If a wound hasn't healed in four weeks, we need to see you now.
That's why we created the Wound Healing and Hyperbaric Medicine Center at University of Maryland Baltimore Washington Medical Center. This state-of-the-art, outpatient resource is a specialized wound care facility with three hyperbaric oxygen chambers and six treatment areas that provide the most advanced artificial skin techniques available.
We specialize in the treatment of chronic wounds and non-responsive conditions, offering hospital-based outpatient wound care and hyperbaric oxygen therapy as well as disease management and diabetes care. In addition to tissue oxygenation, the center also employs the use of vascular studies, tissue culturing and pathology, revascularization, skin grafting and clinical or surgical debridement. Conditions treated include diabetic wounds of the lower extremities, pressure ulcers, soft tissue radiation injuries, necrotizing infections and compromised skin grafts and flaps.
The skilled and caring medical staff includes registered nurse case managers and physicians who are specialists in vascular surgery, general surgery, plastic surgery, internal medicine, podiatry and hyperbaric medicine.
The center treats patients with chronic and advanced conditions that have not responded to previous therapies. After performing a thorough exam of a new patient's wound, including taking photographs to track wound healing progress, the center's clinical staff becomes a partner with the patient's doctor. Through regular reports and phone calls, the center works with the patient's doctors and other experts in the program to develop a total approach to treatment and care. Evidence-based and best practice driven treatments mean patients do not undergo any treatment or progress to a new level of treatment until the need is clearly indicated. Patients may self-refer. In most instances treatments are covered by Medicare, Medicaid and most insurance plans without requiring a referral.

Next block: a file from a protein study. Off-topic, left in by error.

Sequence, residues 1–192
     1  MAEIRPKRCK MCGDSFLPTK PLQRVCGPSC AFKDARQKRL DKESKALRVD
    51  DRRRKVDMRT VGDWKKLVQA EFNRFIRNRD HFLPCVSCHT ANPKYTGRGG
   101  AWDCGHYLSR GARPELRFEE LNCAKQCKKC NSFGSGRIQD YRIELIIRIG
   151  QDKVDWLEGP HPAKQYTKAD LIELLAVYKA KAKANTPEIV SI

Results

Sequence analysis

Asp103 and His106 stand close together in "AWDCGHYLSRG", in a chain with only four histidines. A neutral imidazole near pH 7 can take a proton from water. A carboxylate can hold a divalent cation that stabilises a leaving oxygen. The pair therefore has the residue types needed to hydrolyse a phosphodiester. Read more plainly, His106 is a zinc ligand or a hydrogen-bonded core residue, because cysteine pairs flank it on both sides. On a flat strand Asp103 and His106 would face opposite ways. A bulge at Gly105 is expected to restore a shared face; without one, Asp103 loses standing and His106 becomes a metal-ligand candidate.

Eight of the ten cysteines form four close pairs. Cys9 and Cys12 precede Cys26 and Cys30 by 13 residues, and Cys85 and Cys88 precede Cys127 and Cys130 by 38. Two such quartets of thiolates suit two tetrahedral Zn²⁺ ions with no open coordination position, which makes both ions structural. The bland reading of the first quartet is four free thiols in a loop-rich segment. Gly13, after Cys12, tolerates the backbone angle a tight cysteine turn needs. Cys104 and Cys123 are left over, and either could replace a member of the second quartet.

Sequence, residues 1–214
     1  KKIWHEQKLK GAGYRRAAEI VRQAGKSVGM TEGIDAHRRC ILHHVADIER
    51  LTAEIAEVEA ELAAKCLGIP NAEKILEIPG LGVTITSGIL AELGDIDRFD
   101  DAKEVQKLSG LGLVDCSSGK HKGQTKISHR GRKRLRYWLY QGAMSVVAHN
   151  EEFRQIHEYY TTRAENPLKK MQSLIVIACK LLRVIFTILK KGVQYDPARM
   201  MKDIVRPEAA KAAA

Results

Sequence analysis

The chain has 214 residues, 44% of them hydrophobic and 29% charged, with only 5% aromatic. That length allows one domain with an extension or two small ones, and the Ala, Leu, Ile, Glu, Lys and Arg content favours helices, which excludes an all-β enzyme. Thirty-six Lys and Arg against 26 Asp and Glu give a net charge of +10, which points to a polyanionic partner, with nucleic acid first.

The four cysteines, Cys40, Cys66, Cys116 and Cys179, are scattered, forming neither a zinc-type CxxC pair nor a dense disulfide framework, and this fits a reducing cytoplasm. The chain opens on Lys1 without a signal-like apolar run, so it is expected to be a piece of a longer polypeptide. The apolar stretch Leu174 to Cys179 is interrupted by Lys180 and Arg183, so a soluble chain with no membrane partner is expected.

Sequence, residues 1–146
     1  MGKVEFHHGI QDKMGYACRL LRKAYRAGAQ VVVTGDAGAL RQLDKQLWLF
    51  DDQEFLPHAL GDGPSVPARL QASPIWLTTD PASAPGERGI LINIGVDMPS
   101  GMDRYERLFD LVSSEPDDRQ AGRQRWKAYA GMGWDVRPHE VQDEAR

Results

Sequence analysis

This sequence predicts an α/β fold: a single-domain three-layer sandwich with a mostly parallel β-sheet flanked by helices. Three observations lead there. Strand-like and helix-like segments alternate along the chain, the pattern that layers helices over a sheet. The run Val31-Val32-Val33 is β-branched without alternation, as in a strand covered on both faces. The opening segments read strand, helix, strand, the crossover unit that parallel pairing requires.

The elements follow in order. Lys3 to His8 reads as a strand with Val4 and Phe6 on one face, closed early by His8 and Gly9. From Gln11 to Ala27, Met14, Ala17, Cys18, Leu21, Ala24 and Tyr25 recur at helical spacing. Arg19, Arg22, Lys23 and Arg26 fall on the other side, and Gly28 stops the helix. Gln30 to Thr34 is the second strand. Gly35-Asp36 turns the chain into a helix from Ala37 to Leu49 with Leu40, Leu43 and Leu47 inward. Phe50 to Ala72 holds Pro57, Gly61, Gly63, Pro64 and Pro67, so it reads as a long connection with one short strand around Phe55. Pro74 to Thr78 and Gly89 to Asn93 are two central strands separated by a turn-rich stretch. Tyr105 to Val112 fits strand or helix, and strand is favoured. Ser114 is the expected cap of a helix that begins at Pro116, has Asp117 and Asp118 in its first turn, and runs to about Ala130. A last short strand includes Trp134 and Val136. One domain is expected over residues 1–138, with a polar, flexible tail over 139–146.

Medical conditions that are treated at the Wound Healing and Hyperbaric Medicine Center include:
- Diabetic foot ulcers
- Arterial ulcers - occurs when plaque builds up in the arteries reducing the amount of blood delivered to the body.
- Venour ulcers - develop when blood pools in the lower leg veins leading to tissue breakdown. This pooling problem is usually a result of the veins' inability to move blood back toward the heart.
- Pressure sores/ulcers - also known as bed sores. These sores are injuries to the skin and underlying tissue usually caused by unrelieved pressure.
- Bone infections (osteomyelitis)
- Radiation injuries
- Soft tissue infections
- Post-op infections
Referral to the Wound Healing and Hyperbaric Medicine Center can be made when any of the following criteria apply:
- Full or partial thickness wounds that fail to show significant clinical improvement
- Other necrotizing soft tissue (subcutaneous, muscle, fascia) infections
- Radiation tissue injury (soft tissue and osteoradionecrosis)
- Crush injury
- Compromised or failing skin graft and flaps
- Brown recluse spider bites
- Vascular insufficiency ulcers
- Diabetic/neuropathic wounds
- Lymphedema/venous stasis
- Pressure ulcers/decubitus
- Post-op infections
- Non-healing infected wounds